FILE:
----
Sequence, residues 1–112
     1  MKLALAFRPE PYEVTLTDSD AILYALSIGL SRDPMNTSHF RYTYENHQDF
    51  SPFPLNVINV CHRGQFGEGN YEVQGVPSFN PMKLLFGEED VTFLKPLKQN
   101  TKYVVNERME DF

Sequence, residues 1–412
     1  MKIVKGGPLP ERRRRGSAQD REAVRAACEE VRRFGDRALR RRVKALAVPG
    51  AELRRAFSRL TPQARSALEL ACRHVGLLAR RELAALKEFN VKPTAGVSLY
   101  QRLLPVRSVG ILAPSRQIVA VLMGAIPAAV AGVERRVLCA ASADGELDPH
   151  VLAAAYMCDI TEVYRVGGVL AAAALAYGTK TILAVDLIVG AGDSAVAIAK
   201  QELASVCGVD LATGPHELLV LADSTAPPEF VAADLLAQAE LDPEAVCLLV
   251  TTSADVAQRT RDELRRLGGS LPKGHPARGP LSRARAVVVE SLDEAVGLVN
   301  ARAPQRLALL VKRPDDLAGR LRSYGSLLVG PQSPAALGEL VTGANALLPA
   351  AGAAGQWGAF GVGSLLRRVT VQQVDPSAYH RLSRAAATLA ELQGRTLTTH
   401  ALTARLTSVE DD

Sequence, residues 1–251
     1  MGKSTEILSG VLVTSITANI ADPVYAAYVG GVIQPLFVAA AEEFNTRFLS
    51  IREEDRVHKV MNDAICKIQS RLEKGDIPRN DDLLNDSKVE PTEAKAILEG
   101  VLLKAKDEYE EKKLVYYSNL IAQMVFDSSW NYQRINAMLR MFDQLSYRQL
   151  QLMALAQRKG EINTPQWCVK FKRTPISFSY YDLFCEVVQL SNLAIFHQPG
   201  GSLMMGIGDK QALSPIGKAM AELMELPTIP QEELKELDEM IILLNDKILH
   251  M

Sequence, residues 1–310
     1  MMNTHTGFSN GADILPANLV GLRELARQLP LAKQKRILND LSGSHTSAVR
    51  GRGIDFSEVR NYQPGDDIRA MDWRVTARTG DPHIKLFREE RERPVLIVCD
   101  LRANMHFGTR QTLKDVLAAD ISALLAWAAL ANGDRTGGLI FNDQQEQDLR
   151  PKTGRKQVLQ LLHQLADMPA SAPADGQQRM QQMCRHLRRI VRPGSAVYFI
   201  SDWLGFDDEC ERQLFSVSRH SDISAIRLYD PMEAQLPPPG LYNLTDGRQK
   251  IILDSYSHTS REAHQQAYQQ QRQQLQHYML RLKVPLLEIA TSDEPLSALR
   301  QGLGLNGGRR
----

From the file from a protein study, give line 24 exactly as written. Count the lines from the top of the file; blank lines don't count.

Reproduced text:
    51  GRGIDFSEVR NYQPGDDIRA MDWRVTARTG DPHIKLFREE RERPVLIVCD